Repeal was right

Advocates for justice won a victory last week when the General Assembly passed a repeal of the state’s death penalty.

This repeal followed the lead of the State Senate which took action earlier this month to end capital punishment. This is a far overdue step and a victory for justice over emotion. While we want to be able to provide some kind of and sense of justice to the families of victims of violent crimes, vengeance is not the answer.

State sponsored murder should not be happening in America and Connecticut’s actions are overdue. We credit State Rep. Lile Gibbons for making a courageous vote and breaking away from her fellow Republican caucus members to repeal capital punishment even as we understand why the others did not.

Questions remain however about what will happen next. The law specifically does not commute current sentences so the 11 people currently on death row will remain there. Will their lawyers be able to successfully get their sentences reduced to life imprisonment with no possibility of parole? We hope so and not because of any sympathy for convicted murderers, but because the state putting people to death, no matter how heinous their crimes, is wrong.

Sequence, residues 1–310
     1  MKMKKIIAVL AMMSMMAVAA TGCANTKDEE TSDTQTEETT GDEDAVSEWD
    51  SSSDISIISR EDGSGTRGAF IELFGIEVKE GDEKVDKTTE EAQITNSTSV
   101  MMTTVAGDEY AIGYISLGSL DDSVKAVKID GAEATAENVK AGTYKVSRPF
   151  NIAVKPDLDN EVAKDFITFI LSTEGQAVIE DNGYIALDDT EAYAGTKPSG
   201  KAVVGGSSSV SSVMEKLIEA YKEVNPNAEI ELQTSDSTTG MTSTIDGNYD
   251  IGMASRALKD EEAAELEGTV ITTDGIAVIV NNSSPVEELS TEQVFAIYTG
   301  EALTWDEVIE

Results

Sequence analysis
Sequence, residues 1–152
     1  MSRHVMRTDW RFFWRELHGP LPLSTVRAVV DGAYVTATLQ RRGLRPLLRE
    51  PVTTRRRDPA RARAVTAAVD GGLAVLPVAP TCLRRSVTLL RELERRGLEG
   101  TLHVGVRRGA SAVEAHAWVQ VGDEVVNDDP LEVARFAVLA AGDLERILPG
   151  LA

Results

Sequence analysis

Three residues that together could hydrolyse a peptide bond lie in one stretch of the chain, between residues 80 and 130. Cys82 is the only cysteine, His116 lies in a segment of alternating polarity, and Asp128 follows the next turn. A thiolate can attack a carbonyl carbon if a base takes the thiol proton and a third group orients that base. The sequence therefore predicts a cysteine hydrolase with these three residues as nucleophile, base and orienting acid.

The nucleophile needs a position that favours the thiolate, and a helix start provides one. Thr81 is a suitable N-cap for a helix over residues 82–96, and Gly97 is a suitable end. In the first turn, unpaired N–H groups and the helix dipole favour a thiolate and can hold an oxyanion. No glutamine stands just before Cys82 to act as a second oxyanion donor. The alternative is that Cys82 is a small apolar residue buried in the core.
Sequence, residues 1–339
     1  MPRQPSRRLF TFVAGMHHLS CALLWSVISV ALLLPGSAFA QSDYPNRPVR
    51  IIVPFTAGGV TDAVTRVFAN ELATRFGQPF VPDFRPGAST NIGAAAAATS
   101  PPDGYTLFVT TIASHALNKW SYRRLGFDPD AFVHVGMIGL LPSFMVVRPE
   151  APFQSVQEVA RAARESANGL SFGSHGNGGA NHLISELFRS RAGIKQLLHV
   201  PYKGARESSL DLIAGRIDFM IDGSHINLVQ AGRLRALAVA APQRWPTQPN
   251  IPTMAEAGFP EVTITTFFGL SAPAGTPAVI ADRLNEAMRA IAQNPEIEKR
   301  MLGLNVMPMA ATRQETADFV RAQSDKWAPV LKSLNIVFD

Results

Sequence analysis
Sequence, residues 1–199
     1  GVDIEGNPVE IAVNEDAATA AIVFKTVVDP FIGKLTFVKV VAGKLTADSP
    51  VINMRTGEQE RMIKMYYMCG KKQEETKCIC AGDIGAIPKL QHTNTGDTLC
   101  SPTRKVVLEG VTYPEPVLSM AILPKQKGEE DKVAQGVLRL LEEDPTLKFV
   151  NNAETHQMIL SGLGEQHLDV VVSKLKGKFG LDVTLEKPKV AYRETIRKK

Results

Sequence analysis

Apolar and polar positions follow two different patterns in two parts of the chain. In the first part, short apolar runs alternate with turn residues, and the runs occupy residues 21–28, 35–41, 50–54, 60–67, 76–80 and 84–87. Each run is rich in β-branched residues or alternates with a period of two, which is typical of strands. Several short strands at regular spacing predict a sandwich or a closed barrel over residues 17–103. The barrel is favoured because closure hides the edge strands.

This was not an easy vote to make for any of the legislators. Even the ones we disagree with on this issue spoke from true belief about why they could not support the repeal. It is fortunate that this issue did not become an opportunity for political grandstanding and partisan points being scored. It is an issue that deserved a full and honest debate and that’s what it received.

Hearing the testimony of victims and people who lost loved ones to violent crime will have an impact on your feelings. It is impossible to be so locked down in opposition to the death penalty that you can’t be moved by the feelings of State Rep. Larry Butler, a Democrat, whose brother was murdered, or by Dr. William Petit, whose wife and daughters were brutally murdered by home invaders who now sit on death row. Hearing about the savagery of the Petit killings makes a person look into the bleakness of mankind and wonder how human beings can inflict that kind of suffering on others. But what separates the great many of us from violent criminal scum, is that we place value in human life.

The death penalty is a punishment that belongs to a time of the stockades. It has no place in a modern society and we hope this is the beginning of a real discussion in this state about prison reform where conditions and sentencing are looked at in an even-handed calm discussion. America continues to grow as a society and we need to leave calls for vengeance behind us and instead embrace true justice.

Connecticut has done the right thing here but let’s not stop. Taking a look at our laws and reforming what is outdated and making sure prison conditions do not make things worse is the next logical step. We are moving on as a society and we need our political leaders to move with us.

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